Fragments of Death was my first encounter with Graveworm. Even though I shouldn’t have, I was surprised before listening to the album that they were from Italy and I wasn’t really expecting an album that would impress me. Call me a metal bigot but metal isn’t really something that the Italians would proudly add to their plethora of cultural influences for the rest of the world to enjoy [Bigot! There are some great Italian death metal bands, not to mention Rhapsody! – AMG]. Having confessed my prejudice, Italy has already stunned me this year with the new Fleshgod Apocalypse album which definitely improved the scene’s name and now Graveworm release Fragments of Death to add to what their fellow countrymen did a few months earlier.
While doing some online research, I noticed that the “black metal” tag is immensely popular around this band which baffled me a little. The riffing all over Fragments of Death has a very modern death metal vibe to it and the production job makes the guitar work in general sound quite beefy. The drums are entirely un-black metal in the sense that there’s no continuous blasting that fills up a whole track and nothing sounds more trebly than it needs to be and the cymbals are actually individually distinguishable. The bass, as one would generally expect, remains in the background for the most part while doing its regular job quite reliably.
Sorting through these Fragments of Death will gradually leave some impressions on one’s fingers like how the high-pitched vocals on “The World Will Die in Flamesâ€ are reminiscent of those of In Mourning’s Tobias Netzell. Catchy melodies will also leave some marks like those encountered on “Living Nightmare,” “See No Future” and “Where Angels Do Not Fly.” Keyboards make various inspired appearances through the album but again in un-black metal fashion, though this may make me sound like an obsessive fellow when it comes to tags. Labeling aside, Graveworm have added some variety to this album as exemplified on “Anxiety,” which has a sense of urgency to its 6/4 chords and incorporation of female vocals.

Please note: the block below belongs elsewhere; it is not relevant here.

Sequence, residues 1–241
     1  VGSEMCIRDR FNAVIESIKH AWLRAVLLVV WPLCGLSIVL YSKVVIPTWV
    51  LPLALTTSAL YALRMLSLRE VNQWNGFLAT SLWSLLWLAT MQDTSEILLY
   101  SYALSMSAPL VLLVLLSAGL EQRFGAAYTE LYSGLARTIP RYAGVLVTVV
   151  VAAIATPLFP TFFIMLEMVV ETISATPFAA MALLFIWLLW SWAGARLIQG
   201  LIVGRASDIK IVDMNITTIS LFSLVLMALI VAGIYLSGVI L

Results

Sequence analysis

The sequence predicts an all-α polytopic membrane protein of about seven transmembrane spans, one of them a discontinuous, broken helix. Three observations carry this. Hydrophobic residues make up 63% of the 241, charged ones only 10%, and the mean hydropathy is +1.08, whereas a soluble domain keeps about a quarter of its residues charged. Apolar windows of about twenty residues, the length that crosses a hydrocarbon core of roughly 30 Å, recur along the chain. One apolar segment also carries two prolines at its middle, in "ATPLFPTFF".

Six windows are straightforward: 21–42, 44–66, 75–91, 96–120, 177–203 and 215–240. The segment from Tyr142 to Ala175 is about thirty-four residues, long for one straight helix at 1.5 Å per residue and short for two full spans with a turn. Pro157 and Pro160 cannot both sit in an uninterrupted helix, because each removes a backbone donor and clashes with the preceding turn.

Of course when a band is at its eighth album, expectations may have an intoxicating effect on the fans who have invested some emotions in the albums from the days of yore. You never expect a great band from the past to go all Heritage or Illud Divinum Insanus on your ass. However, being the new comer I am to this Italian conglomerate, I shall admit that I enjoyed Fragments of Death without having any prior expectations. But it doesn’t feel like it will stay with me for a long time as it doesn’t really crack the wall with its impact. The production job is quite what you’d expect from a band with this much experience under its belt and the composition is good but not groundbreaking. Fragments of Death will certainly stir a few mosh-pits and that’s good enough for many listeners for a while.